Photographing birds in flight at 60 frames-per-second

Photographing birds in flight at 60 frames-per-second By Thomas Stirr (website | eBooks, check out also his previous NR posts):

The objective of this article is to illustrate the additional differentiation in bird motion that can be captured when shooting still images at 60 frames per second.

While the now discontinued Nikon 1 system with its small 1” CX sensor was challenged with dynamic range, colour depth and low light performance, it was capable of some very fast frame rates. When shooting in continuous auto-focus, various Nikon 1 bodies could shoot at 15 frames per second, or at 10 or 20 frames per second in full resolution, depending on the model.

Nikon 1 bodies can also shoot at either 30 or 60 frames per second in full resolution. There is a notable restriction. At these very fast frame rates, the first photograph in a run locks focus for all of the frames that follow it. There are specific situations when bird photographers would use these very fast frame rates. These include birds taking off, landing, or flying at a 90-dgree angle to the photographer.

The first example is a series of 9 consecutive images of a great blue heron landing, captured at 60 frames per second. These 9 images would have been captured in less than 1/6th of a second. For those of you interested in EXIF data the photographs were captured with a Nikon 1 V3 with a 1 Nikon CX 70-300 mm f/4.5-5.6 zoom at a focal length of 300 mm (efov 810 mm), f/5.6, 1/1600, ISO-800.

Our next example is of a great blue heron taking off. Noting the foot position of the bird will give you a good idea of how photographing birds in flight at 60 frames per second allows for more precise motion captures. These five images would have been captured in 1/12th of a second. A Nikon 1 V3 was used along with a 1 Nikon CX 70-300 mm f/4.5-5.6 zoom using a focal length of 198 mm (efov 535 mm), f/5.6, 1/1600, ISO-500.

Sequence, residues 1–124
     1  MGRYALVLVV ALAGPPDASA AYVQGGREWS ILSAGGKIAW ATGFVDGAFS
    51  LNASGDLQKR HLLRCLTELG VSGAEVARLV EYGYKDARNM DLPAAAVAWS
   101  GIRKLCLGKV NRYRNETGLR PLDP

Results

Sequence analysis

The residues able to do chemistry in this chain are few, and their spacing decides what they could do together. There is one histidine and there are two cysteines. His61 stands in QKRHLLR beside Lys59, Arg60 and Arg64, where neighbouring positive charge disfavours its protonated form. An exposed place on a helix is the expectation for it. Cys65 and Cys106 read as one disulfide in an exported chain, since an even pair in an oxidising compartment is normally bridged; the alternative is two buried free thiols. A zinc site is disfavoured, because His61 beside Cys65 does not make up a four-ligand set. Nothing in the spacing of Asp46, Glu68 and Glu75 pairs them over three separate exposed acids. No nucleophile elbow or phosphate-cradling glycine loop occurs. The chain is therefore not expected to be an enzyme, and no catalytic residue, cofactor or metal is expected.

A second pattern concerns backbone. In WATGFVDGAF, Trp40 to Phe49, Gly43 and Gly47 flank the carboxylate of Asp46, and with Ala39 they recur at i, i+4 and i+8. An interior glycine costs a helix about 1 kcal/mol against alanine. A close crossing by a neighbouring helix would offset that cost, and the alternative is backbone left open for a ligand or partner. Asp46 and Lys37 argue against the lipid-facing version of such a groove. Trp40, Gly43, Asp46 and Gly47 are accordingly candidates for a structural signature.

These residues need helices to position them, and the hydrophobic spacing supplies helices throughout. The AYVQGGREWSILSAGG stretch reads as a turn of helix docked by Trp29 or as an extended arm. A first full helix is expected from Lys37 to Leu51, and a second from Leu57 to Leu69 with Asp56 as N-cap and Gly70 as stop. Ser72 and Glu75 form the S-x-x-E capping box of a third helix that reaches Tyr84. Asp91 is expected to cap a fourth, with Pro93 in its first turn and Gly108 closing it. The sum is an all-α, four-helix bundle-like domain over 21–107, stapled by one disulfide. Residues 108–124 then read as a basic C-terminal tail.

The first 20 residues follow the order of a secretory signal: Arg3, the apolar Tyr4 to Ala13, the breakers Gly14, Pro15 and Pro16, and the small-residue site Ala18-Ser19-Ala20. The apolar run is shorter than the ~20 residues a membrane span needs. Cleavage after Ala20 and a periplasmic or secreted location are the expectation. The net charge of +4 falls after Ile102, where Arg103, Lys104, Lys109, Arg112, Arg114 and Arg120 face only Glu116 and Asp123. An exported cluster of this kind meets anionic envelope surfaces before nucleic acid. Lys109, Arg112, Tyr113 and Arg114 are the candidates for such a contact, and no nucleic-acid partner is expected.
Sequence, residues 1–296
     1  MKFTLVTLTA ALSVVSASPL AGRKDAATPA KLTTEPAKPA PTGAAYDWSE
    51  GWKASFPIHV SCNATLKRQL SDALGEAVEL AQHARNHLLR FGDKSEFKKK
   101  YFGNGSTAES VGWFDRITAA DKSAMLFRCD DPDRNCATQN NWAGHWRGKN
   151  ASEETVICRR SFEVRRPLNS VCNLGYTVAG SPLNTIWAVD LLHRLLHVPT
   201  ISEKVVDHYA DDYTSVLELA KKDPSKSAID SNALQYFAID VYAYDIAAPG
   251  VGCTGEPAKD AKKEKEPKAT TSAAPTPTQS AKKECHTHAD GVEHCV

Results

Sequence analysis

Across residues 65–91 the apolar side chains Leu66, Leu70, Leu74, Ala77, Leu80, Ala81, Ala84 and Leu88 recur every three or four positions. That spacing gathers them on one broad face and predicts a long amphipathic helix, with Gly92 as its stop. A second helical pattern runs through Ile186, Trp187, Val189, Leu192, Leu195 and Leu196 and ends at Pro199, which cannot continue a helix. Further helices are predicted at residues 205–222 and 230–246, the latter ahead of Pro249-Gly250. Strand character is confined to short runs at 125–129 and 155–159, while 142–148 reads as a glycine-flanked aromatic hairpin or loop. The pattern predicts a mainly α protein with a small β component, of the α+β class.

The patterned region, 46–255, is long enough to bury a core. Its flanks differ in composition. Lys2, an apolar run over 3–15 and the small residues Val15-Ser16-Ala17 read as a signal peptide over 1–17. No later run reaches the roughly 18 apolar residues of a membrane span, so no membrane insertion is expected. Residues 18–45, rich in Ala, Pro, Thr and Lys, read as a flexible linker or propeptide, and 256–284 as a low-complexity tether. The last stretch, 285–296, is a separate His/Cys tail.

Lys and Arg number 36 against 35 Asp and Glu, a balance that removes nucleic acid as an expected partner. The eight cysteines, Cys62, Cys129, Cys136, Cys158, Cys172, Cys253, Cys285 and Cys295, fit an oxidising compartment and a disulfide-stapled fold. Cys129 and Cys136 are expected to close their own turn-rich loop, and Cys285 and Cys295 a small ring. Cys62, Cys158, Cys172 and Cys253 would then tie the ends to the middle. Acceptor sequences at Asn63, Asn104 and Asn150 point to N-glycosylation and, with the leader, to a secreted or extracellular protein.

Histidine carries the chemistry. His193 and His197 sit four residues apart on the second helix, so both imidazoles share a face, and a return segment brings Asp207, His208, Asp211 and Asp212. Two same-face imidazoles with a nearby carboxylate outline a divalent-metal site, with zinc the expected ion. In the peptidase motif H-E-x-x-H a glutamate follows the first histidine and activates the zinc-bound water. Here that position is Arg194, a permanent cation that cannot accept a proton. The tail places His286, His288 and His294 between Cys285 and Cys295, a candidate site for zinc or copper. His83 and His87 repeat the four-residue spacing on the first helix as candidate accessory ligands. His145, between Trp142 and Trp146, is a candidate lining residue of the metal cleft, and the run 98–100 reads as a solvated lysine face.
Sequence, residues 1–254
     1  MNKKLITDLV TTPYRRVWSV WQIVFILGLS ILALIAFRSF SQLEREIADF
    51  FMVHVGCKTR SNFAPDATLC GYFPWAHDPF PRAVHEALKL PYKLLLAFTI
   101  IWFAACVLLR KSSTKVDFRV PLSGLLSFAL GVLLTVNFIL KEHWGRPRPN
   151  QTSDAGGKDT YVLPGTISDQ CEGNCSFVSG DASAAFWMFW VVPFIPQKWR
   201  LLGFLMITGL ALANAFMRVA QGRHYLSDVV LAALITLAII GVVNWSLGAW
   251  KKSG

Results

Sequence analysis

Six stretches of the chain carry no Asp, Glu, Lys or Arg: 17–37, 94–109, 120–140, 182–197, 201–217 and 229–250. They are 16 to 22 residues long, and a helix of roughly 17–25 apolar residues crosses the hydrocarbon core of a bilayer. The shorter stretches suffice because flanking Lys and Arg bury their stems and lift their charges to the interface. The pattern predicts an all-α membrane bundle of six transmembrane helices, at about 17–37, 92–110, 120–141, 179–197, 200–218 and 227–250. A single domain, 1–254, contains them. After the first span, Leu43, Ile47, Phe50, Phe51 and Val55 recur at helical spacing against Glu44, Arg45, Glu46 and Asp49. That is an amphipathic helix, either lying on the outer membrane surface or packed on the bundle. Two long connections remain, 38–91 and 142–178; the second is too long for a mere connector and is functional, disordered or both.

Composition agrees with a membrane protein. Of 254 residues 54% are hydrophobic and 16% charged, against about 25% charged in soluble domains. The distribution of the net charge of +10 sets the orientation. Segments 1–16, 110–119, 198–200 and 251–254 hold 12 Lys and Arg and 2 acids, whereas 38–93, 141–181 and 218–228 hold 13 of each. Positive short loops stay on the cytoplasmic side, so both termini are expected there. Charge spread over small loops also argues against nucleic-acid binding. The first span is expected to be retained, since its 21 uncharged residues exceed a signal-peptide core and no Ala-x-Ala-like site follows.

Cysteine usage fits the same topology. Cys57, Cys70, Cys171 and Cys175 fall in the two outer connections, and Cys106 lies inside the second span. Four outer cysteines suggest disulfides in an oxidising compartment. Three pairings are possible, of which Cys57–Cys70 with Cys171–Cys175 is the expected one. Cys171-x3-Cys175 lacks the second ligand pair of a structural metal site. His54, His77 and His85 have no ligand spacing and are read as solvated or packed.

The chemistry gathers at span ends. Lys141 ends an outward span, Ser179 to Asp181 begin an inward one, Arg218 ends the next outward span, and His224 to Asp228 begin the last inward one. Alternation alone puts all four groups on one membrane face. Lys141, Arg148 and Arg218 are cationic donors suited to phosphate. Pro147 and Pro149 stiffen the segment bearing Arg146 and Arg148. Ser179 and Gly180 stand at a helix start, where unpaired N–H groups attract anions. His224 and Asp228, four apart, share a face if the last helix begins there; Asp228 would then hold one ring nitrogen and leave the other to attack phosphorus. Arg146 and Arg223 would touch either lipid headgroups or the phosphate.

Our third example is of an egret flying, captured at 60 frames per second. The best use of this fast frame rate is when a subject bird is flying at 90-degrees to the photographer. Obviously if a bird is moving towards or away from the camera its motion may take it out of focus during an image run. These nine images would have been captured in less than 1/6th of a second. These images were captured with a Nikon 1 V3 along with a 1 Nikon CX 70-300 mm f/4.5-5.6 zoom using a focal length of 178 mm (efov 481 mm), f/5.6, 1/1250, ISO-1000.

Our final example image run, consisting of a series of five consecutive photographs, is of a great blue heron fishing. In this series you’ll see how shooting at a very fast frame rate allows a photographer to choose between incremental differences in the position of the fish in the bird’s mouth. These five images would have been captured in 1/12th of a second. A Nikon 1 V3 was used with a 1 Nikon CX 70-300 mm f/4.5-5.6 zoom using a focal length of 192 mm (efov 518 mm), f/5.6, 1/1600, ISO-560.

The 40-image buffer in my Nikon 1 V-Series bodies (V2 and V3) fills in only 2/3 of a second when shooting at 60 frames per second. This makes the shutter release timing more challenging than when shooting in continuous auto focus at 10, 15 or 20 frames per second.

There are certainly many specifications to consider when looking at a new camera. Checking out all of the frame rates available with the new Nikon full frame mirrorless cameras is something that bird photographers may specifically want to do.

Technical Note:
All photographs in this article were captured hand-held using Nikon 1 V3 equipped with a 1 Nikon CX 70-300 mm f/4.5-5.6 zoom lens as noted in the article. All images were produced from RAW files using my standard process of DxO PhotoLab, CS6 and the Nik Collection.

Article and all images are Copyright 2018 Thomas Stirr. All rights reserved. No use, duplication or adaptation of any kind is allowed without written consent. Nikon Rumors is the only approved user of this article. If you see it reproduced anywhere else it is an unauthorized and illegal use. Posting comments on offending websites and calling out individuals who steal intellectual property is always appreciated!

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